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Cunard and the Emigrant Trade 1860–1900

  • Francis E. Hyde

Abstract

The British and North American Royal Mail Steam Packet Co., having survived the first threat of serious competition and having widened the scope of its operations through its associated company by opening up trade with the Mediterranean, now turned to the problem of increasing returns from the North Atlantic trade. It was a fact well understood by most Liverpool shipowners that the evolution of the steamship could not have taken place without the increase in demand for cargo and passenger accommodation. It was a prime reason why, in 1860, the Cunard partners decided to enter the steerage business. By that date it had become obvious that the profits accruing from the Government Contract to carry mail and that from high-class cabin traffic and freight, could not sustain expansion; that in fact, despite the hazards of competition, a more lucrative form of enterprise would henceforth lie in the carriage of emigrant traffic across the Atlantic.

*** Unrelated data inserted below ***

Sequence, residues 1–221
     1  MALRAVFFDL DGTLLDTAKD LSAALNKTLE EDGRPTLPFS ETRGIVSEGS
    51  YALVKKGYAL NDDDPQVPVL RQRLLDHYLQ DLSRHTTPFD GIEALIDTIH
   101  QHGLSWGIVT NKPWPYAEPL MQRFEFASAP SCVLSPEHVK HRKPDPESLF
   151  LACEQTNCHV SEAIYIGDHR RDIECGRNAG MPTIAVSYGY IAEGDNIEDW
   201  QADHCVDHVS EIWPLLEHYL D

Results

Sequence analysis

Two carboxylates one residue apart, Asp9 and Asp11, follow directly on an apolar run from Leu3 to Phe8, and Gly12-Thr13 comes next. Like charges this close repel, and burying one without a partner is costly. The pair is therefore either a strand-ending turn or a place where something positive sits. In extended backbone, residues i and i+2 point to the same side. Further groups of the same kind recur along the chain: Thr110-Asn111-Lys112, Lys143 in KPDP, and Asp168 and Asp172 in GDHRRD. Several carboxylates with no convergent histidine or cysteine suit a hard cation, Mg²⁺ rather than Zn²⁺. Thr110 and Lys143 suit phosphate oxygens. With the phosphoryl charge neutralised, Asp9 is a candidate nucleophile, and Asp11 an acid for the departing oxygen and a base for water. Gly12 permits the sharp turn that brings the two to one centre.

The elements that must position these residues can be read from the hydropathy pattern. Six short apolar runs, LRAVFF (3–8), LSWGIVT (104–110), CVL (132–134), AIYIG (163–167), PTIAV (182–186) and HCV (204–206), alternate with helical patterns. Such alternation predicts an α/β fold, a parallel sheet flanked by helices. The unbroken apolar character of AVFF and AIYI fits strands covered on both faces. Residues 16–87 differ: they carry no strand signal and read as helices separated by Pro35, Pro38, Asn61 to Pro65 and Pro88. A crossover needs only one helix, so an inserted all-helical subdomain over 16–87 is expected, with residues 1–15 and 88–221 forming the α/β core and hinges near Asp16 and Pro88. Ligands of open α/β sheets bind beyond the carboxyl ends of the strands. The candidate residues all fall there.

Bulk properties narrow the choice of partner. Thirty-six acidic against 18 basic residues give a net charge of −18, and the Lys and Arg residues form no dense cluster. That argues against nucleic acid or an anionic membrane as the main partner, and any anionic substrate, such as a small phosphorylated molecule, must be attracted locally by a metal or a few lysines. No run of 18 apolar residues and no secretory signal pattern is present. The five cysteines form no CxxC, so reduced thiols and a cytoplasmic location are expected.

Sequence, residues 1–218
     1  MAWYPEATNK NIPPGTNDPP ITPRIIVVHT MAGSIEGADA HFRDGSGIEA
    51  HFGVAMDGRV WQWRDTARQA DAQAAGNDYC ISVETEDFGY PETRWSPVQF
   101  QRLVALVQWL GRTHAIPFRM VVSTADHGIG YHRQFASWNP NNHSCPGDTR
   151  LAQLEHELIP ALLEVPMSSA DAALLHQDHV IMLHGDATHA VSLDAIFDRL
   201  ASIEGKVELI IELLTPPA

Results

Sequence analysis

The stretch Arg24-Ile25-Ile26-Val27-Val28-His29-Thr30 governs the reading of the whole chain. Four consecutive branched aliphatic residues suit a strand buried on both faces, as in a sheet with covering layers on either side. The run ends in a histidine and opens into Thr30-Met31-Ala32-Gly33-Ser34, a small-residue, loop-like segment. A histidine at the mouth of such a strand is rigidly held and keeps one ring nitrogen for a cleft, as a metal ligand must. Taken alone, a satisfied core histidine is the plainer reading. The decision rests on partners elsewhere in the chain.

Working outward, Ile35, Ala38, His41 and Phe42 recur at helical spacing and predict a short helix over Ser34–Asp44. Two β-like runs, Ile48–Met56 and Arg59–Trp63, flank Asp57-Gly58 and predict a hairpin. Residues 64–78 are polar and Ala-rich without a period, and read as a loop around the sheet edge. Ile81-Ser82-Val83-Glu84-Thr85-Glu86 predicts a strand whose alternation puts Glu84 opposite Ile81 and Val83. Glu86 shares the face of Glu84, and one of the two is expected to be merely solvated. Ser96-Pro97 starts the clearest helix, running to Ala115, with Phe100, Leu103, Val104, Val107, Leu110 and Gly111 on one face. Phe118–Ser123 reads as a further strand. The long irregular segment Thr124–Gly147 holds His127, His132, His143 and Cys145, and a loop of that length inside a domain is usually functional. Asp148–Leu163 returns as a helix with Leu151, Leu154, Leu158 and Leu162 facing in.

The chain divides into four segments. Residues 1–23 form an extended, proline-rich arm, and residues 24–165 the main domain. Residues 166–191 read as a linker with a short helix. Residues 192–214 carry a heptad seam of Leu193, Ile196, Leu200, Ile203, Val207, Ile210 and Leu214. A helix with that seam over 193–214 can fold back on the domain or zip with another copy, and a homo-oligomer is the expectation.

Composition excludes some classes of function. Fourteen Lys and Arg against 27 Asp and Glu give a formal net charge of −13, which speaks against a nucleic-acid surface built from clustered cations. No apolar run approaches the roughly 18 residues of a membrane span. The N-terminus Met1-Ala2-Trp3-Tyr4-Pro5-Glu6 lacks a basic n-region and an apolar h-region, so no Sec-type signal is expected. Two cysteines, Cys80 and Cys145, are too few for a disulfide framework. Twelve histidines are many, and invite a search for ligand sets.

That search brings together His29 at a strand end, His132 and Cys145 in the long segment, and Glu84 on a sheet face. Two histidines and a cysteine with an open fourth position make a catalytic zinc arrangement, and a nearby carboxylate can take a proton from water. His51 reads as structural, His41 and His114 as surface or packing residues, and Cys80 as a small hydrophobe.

Keywords

Shipping Company Freight Rate Earning Capacity Sailing Ship Subsequent Chapter 
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Notes

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    Ibid., as shown in the above tables.Google Scholar
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    Ibid., as shown in the above tables.Google Scholar
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    Ibid., as shown in the above tables.Google Scholar
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    See Chapter 4 for rates quoted in the 1890s.Google Scholar
  66. 128.
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Copyright information

© Francis E. Hyde 1975

Authors and Affiliations

  • Francis E. Hyde
    • 1
  1. 1.University of LiverpoolUK

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